By Lisa Lerer and Jennifer Medina, The New York Times, March 30, 2021
Last March, as most of America worried about getting sick, Kate Farley had a different, urgent concern: having a baby amid a pandemic.
The months after the birth of her third child were a blur of sleepless nights, followed by days spent managing remote school for her kindergartner, struggling to entertain her preschooler and setting up a classroom in her Middletown, N.J., home. By the time Ms. Farley returned to work in August, the 36-year-old lawyer had become convinced that politicians in both parties didn’t really care about the country’s mothers.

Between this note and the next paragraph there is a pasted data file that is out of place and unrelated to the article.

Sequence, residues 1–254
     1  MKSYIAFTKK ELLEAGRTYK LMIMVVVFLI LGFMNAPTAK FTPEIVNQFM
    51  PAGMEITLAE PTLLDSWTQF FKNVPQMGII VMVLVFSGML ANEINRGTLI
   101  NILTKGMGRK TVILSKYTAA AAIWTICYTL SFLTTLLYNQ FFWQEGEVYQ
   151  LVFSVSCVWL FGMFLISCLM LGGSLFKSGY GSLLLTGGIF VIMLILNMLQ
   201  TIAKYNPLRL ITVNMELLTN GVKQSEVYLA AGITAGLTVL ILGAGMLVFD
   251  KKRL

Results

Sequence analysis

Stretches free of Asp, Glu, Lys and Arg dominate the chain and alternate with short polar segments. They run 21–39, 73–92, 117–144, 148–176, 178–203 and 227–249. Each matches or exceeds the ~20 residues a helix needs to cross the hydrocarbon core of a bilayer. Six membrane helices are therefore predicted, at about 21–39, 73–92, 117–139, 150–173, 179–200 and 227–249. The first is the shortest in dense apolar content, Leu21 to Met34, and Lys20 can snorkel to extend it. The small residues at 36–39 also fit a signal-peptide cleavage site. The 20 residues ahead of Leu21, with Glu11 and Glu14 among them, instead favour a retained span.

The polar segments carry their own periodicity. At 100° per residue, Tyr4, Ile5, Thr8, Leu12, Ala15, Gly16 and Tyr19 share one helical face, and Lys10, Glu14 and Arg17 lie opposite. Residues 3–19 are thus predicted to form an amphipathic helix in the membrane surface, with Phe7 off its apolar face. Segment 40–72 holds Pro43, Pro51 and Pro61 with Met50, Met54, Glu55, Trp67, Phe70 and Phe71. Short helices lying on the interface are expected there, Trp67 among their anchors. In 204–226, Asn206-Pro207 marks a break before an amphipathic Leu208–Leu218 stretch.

“My feeling was the government was doing nothing to help parents,” said Ms. Farley, who started an effort to press local officials to reopen schools. “There was a lot of talk and a lot of articles about moms bearing the brunt, but nothing was done.”